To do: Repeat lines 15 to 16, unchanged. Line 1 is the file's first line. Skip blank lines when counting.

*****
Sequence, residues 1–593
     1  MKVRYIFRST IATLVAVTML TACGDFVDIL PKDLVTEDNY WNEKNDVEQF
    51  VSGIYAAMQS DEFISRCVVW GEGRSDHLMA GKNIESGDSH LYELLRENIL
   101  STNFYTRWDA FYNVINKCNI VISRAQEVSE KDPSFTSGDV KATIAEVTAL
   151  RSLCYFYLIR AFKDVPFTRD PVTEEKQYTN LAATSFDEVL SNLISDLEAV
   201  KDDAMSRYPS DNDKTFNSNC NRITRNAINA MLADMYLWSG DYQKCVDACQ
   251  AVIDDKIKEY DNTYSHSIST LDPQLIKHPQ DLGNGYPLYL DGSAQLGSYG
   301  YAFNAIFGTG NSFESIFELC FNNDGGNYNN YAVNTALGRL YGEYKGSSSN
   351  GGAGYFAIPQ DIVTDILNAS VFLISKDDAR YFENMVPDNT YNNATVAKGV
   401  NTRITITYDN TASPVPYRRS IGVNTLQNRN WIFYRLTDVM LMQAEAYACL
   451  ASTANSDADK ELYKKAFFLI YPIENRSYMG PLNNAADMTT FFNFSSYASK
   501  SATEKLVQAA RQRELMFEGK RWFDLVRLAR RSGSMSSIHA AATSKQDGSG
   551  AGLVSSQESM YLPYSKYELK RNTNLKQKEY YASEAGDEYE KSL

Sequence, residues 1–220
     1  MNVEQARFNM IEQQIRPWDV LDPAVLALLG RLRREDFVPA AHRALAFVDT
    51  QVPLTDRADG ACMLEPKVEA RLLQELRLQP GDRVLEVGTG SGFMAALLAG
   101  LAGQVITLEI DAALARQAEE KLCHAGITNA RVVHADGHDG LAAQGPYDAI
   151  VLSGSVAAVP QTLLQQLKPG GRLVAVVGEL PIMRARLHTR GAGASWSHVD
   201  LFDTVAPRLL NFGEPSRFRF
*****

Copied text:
     1  MNVEQARFNM IEQQIRPWDV LDPAVLALLG RLRREDFVPA AHRALAFVDT
    51  QVPLTDRADG ACMLEPKVEA RLLQELRLQP GDRVLEVGTG SGFMAALLAG